After years of fruitless complaining about the insidious anti-Jewish subculture at San Francisco State University, someone finally took bold action. As we reported on June 19, several current SFSU students and concerned Jewish community members this week sued the university, its officials and the CSU system.
Filing a lawsuit in federal court should always be a last step. In this case, sadly, it was a step worth taking.
Our story this week on the lawsuit is only the latest in years of J.’s ongoing coverage of the campus climate at SFSU. This spring we exposed the administration’s sorry track record of neglect and selective outrage when it came to the concerns of the Jewish community on and around campus.
To recap, the administration did little after a mob of shouting protesters shut down the visiting mayor of Jerusalem last year. The only response to the protesters, who had trampled the free speech rights of Jewish students: written statements of disapproval and weak promises to do better.
The administration so far has done nothing after it came to light that anti-Zionist, and arguably anti-Jewish, student groups and their SFSU staff enablers subversively cut Hillel out of a Know Your Rights information fair in February.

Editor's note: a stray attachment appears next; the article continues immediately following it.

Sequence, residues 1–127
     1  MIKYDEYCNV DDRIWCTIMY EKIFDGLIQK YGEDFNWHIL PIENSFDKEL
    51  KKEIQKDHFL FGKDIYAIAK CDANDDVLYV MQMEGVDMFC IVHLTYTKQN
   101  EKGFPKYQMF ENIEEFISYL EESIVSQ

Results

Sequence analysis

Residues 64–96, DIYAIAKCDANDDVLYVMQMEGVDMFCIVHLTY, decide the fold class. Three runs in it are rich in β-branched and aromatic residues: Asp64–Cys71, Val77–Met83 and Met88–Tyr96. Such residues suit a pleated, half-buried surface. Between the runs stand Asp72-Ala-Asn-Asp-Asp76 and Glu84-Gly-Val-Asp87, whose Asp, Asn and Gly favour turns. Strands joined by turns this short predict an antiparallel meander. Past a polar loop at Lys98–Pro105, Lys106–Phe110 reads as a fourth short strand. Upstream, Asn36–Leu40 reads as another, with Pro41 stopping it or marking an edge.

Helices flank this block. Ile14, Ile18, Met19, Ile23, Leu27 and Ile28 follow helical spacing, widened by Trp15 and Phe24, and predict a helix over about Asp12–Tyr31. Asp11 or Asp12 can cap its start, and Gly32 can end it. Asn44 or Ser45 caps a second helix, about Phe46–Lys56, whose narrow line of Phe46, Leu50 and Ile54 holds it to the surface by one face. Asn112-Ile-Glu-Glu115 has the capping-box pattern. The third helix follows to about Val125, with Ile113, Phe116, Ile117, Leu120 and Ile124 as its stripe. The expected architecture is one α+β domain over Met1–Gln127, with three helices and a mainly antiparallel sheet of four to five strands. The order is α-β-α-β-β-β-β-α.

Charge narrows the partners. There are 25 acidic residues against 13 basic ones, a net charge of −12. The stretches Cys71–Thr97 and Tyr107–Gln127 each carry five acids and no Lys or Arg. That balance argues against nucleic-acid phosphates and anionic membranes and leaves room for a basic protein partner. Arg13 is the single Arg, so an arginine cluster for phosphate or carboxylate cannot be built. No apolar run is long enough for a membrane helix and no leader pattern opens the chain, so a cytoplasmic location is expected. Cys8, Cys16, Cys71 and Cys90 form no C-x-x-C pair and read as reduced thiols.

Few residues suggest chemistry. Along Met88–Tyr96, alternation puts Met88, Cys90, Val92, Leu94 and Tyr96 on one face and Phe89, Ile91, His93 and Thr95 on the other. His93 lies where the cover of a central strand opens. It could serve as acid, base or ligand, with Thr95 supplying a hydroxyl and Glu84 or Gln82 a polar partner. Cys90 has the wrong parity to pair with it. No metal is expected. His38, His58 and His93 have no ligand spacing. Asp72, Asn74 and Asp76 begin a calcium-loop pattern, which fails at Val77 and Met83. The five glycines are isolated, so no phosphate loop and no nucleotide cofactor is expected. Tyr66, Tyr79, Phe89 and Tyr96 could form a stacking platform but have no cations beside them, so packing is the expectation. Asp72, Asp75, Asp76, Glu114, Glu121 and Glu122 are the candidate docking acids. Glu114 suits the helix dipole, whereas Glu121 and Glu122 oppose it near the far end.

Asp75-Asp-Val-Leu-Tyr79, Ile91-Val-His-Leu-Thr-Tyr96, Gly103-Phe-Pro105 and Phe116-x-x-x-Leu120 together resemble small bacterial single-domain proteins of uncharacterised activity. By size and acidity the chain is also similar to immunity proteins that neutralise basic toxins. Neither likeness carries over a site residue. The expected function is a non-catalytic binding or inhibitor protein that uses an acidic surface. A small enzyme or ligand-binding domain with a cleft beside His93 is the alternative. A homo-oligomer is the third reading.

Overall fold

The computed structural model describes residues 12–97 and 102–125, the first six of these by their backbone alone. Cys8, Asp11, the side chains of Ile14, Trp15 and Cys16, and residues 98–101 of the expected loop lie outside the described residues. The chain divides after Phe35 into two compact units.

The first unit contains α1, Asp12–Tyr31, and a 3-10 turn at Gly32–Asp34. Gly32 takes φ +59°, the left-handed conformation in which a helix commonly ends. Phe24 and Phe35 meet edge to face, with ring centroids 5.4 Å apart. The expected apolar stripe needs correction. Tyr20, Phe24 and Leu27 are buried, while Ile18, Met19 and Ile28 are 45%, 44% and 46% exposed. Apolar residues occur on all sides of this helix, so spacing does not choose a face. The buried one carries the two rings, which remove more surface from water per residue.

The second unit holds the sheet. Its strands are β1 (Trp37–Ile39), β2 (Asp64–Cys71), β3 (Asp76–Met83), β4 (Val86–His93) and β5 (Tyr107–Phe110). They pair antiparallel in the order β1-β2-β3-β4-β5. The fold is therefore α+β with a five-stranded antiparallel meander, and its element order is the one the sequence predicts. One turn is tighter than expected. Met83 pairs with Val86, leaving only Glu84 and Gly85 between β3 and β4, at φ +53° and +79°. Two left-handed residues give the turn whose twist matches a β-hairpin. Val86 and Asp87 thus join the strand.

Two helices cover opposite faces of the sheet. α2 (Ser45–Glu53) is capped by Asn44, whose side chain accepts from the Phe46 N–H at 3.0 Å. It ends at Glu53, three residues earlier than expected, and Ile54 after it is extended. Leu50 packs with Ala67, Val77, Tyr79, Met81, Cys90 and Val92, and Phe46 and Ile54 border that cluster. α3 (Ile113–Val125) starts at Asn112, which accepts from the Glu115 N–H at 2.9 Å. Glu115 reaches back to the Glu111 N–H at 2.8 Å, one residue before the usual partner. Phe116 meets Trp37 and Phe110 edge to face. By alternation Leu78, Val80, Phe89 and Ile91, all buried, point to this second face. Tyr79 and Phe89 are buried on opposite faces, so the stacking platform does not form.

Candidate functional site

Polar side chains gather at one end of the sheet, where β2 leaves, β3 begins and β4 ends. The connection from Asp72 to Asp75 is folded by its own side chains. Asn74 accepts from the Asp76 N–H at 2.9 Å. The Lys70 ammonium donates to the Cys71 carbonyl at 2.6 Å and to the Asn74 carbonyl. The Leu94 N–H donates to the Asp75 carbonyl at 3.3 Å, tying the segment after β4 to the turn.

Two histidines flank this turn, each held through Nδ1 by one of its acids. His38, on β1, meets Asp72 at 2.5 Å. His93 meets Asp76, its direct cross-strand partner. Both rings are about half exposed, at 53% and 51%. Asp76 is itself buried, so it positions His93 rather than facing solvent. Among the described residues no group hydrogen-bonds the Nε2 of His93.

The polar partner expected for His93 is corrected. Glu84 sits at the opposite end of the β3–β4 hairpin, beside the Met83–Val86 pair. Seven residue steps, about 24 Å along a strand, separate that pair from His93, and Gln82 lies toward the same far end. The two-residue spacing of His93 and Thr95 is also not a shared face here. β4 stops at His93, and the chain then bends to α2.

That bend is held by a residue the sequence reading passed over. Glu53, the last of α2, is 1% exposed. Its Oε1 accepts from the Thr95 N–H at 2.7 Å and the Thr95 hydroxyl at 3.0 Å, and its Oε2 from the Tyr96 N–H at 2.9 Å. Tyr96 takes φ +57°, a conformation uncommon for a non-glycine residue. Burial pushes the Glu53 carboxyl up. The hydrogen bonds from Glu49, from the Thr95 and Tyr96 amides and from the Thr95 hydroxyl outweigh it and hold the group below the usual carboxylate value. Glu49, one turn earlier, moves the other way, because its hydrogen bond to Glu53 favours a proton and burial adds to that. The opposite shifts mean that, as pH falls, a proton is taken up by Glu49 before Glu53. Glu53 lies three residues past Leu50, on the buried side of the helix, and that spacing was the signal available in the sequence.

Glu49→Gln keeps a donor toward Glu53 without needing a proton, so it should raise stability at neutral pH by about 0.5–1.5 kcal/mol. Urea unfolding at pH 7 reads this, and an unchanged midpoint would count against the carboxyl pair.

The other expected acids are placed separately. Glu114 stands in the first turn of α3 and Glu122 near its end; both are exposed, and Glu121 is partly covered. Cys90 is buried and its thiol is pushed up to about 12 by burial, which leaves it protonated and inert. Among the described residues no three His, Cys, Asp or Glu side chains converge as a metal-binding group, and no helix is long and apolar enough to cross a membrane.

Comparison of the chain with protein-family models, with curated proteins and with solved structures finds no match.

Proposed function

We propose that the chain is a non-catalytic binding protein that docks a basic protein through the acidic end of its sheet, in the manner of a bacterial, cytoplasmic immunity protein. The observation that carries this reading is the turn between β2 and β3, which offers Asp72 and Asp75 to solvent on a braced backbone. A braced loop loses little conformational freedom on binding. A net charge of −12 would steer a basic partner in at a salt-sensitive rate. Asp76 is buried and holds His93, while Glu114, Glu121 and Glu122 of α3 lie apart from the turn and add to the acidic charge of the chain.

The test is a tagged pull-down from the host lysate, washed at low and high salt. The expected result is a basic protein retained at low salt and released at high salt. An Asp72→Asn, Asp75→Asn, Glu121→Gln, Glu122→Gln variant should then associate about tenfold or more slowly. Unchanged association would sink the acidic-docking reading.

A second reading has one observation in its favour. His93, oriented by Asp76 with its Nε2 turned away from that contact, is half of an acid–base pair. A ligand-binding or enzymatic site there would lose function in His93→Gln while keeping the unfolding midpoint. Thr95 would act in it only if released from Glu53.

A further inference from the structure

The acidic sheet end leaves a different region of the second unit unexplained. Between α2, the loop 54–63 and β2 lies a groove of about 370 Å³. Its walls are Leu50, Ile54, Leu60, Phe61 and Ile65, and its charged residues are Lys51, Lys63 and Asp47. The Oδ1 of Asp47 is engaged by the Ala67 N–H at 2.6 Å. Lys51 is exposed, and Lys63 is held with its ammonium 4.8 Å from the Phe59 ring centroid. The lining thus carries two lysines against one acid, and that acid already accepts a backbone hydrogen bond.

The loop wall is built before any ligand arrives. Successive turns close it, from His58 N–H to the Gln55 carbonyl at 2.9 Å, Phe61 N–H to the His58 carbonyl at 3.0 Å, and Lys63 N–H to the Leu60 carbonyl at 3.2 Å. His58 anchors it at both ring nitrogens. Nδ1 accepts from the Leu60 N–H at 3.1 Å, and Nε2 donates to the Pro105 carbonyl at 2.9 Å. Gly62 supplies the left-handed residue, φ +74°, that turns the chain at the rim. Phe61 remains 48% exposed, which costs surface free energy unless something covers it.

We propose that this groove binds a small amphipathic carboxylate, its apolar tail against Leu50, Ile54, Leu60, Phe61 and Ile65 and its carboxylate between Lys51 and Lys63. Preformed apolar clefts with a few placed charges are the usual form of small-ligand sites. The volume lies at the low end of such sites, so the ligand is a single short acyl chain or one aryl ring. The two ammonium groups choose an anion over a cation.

And in an interview with J. last month, SFSU President Leslie Wong, though apparently well meaning, could not, when asked, even muster the courage to say that those who consider themselves Zionists were welcome on his campus.
Something had to give.
The 78-page lawsuit recounts years of alleged anti-Jewish and anti-Israel actions and speech at SFSU. Plaintiffs are seeking compensatory and punitive damages, as well as injunctive relief, which would mean some sort of court-ordered remedy or oversight.
In its defense, the university issued a statement strongly disagreeing with the allegations, yet at the same time saying it is committed to “the elimination of anti-Semitism in our community.” That’s essentially what it has said for years.
Is suing the right thing to do? Would it have been better to work with school officials behind the scenes in a less confrontational manner? Maybe, except that method has been tried over the years, to little avail.
The courts are bastions of redress. Jewish students impacted by years of benign (and sometimes not so benign) neglect at SFSU had every right to seek their day in court.
Now, university officials must answer to the charges and explain why they have done so little to protect their Jewish students from discrimination.